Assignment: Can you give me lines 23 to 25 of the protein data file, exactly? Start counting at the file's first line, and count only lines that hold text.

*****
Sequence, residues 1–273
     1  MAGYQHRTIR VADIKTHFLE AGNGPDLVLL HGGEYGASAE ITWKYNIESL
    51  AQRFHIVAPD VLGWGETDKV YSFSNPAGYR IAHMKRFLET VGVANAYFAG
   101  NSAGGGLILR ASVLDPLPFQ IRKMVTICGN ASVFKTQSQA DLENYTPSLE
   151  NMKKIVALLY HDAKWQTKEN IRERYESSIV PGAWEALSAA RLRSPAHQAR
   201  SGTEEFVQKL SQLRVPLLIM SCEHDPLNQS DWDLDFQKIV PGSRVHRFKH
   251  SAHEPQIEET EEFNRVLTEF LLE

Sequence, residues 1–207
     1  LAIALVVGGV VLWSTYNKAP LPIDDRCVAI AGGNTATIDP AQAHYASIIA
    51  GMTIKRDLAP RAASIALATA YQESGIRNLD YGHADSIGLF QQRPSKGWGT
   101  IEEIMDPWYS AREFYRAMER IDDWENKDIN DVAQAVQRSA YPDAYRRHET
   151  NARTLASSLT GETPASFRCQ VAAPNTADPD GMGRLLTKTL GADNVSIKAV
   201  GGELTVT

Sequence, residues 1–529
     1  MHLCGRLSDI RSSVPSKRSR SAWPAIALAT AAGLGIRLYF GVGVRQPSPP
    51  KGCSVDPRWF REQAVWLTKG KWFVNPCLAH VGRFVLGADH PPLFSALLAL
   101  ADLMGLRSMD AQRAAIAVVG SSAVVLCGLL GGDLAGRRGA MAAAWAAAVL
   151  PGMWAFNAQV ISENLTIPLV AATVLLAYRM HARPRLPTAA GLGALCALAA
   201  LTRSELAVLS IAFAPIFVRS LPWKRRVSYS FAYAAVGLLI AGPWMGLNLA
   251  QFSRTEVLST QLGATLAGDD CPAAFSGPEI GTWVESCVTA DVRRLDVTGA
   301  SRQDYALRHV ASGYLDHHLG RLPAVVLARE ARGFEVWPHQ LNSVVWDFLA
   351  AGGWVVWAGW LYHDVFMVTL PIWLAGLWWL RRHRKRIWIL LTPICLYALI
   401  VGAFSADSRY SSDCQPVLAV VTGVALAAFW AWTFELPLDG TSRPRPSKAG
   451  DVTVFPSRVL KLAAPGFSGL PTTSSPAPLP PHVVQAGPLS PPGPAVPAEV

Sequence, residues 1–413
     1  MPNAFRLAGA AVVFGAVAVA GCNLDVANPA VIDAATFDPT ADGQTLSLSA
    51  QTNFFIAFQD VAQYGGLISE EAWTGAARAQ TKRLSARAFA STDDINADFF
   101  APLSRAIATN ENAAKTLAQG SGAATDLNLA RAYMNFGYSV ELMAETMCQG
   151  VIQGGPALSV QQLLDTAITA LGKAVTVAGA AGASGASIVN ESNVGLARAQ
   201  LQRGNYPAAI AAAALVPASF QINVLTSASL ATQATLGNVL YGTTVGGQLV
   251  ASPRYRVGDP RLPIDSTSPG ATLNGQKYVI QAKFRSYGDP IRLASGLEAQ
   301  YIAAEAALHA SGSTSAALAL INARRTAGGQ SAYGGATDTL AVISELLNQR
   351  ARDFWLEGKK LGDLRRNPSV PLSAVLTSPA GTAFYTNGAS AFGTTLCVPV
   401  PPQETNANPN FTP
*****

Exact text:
   401  VGAFSADSRY SSDCQPVLAV VTGVALAAFW AWTFELPLDG TSRPRPSKAG
   451  DVTVFPSRVL KLAAPGFSGL PTTSSPAPLP PHVVQAGPLS PPGPAVPAEV

Sequence, residues 1–413